Blood vessels are mechanically active tissues that contract and relax periodically. The vascular smooth muscle cells (VSMCs) comprising the medial layer of the blood vessel wall can exist in two phenotypic states called “contractile” or “synthetic”. While it is well known that the differentiation status of these cells oscillates in response to biochemical cues almost nothing is known about the role of mechanical forces on this phenotypic switch. I aim to study the role of extrinsic and intrinsic forces on driving the changes in gene expression and functional states of VSMCs using mechanical and molecular perturbations (such as tuneable stiffness hydrogels) and high end quantitative imaging (such as traction force microscopy and 3D tissue imaging). This project will reveal how dynamic responsiveness to mechanical forces is translated into structural and functional remodeling and phenotypic switching of cells, the failure of which can contribute to vascular pathology. Moreover, the fundamental principles revealed from this study will be widely applicable to mechanically responsive cell systems.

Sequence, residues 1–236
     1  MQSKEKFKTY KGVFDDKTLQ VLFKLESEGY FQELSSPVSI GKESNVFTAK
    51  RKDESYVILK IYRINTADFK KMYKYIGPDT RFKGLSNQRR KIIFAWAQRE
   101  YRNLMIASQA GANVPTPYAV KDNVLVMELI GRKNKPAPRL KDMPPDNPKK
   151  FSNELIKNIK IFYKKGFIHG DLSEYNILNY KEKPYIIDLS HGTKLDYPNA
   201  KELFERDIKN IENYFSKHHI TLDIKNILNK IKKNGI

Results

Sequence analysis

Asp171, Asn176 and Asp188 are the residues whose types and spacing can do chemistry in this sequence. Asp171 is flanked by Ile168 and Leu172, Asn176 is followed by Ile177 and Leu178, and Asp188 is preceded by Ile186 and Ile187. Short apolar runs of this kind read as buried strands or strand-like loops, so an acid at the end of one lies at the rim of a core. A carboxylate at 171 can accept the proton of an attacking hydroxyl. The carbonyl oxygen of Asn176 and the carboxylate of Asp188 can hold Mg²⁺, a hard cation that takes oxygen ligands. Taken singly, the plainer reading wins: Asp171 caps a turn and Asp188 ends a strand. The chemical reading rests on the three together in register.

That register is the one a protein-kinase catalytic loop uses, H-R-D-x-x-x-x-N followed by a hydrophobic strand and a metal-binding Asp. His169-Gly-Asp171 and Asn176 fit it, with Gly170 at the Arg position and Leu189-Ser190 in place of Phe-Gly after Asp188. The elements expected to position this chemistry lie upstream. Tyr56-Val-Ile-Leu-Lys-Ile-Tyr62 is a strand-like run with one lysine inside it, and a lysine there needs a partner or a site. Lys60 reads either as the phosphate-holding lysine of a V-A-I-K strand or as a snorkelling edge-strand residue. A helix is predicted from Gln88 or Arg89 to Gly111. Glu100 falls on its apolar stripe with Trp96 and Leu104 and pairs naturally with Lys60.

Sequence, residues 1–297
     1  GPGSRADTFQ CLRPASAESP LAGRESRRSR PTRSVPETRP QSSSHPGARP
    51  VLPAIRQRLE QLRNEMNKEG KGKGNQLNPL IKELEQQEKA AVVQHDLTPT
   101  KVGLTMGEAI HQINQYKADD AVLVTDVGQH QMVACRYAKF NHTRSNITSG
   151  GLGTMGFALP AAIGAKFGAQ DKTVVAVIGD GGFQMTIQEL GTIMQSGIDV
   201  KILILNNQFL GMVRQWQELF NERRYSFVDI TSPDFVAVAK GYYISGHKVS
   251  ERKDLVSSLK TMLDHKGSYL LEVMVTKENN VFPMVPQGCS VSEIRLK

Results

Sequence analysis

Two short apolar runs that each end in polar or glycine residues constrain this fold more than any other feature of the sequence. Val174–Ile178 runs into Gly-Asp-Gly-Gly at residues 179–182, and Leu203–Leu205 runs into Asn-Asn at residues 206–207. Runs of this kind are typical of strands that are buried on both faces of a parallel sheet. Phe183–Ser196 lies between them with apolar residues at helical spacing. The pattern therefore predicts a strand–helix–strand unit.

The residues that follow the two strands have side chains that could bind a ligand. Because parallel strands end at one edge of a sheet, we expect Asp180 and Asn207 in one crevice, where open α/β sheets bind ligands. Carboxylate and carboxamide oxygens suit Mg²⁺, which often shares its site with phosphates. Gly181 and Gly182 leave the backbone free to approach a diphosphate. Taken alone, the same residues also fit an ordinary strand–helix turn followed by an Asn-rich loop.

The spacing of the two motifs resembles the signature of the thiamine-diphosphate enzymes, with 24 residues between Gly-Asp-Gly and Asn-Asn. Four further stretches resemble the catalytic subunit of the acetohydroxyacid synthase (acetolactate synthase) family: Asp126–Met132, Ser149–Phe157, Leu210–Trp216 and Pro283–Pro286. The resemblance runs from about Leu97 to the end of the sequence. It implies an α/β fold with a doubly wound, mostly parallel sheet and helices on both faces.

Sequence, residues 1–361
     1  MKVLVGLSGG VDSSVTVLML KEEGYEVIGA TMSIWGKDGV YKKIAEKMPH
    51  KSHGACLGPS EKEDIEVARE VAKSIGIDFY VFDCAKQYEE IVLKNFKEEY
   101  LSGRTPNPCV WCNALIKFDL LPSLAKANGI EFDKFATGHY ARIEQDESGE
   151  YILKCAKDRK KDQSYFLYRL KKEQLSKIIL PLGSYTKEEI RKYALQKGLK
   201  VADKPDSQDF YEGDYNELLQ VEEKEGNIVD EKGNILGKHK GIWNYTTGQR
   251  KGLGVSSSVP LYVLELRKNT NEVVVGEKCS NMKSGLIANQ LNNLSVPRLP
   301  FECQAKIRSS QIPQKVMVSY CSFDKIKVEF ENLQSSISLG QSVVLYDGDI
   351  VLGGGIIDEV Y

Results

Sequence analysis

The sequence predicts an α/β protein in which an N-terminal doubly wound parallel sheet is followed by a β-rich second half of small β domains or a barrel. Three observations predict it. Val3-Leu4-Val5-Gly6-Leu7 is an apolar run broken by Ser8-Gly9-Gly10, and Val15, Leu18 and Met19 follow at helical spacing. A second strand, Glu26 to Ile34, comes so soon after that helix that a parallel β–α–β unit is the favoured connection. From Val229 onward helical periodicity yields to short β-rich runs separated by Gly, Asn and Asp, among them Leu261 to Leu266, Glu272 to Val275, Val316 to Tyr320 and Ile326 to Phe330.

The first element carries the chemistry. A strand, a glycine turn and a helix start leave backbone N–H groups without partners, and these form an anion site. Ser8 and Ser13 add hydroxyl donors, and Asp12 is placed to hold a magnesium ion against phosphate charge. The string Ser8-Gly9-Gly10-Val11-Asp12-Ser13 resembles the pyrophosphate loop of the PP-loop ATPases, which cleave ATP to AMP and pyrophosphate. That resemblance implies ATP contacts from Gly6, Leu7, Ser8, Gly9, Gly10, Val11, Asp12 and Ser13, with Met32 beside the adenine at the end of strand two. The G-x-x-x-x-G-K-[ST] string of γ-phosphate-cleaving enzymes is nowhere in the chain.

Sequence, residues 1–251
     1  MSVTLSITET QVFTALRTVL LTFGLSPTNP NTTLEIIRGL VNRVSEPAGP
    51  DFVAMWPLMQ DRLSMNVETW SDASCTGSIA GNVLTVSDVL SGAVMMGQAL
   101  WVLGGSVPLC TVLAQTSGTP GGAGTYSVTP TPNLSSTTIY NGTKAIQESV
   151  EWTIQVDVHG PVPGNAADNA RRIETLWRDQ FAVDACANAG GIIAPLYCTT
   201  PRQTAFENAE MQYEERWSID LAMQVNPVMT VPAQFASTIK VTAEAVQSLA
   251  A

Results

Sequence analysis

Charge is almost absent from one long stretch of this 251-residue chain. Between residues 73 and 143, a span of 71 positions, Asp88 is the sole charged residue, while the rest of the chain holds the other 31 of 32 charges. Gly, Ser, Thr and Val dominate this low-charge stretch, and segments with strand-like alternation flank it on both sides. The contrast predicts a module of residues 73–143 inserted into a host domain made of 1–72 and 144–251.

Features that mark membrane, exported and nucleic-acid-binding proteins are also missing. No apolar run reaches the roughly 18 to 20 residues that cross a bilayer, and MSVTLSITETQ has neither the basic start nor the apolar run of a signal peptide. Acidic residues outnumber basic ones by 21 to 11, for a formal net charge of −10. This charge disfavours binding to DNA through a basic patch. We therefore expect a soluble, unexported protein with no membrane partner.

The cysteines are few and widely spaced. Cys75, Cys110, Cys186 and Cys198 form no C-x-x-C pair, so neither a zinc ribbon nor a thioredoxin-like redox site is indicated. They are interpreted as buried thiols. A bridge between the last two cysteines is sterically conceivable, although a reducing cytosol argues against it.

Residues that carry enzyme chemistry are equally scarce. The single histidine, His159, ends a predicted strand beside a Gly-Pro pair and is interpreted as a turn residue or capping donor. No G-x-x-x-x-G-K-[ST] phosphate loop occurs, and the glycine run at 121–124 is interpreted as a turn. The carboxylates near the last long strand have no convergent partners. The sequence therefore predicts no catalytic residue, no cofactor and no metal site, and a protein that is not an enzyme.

Dr. Talwar currently works with the Assoian Lab.